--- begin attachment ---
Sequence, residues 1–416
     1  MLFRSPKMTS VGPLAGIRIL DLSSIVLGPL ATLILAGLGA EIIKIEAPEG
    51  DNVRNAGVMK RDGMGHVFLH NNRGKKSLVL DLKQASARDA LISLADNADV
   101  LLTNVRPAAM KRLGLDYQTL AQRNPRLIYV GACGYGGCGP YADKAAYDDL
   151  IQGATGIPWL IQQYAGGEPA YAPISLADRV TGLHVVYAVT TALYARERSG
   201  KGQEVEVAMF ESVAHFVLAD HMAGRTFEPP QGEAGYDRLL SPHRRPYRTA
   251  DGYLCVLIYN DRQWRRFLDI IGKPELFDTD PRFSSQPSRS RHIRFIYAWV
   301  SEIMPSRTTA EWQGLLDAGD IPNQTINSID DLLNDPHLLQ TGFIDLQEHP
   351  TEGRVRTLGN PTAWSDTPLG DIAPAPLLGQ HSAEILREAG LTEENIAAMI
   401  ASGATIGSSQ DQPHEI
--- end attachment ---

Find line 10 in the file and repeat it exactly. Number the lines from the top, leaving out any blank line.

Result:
   401  ASGATIGSSQ DQPHEI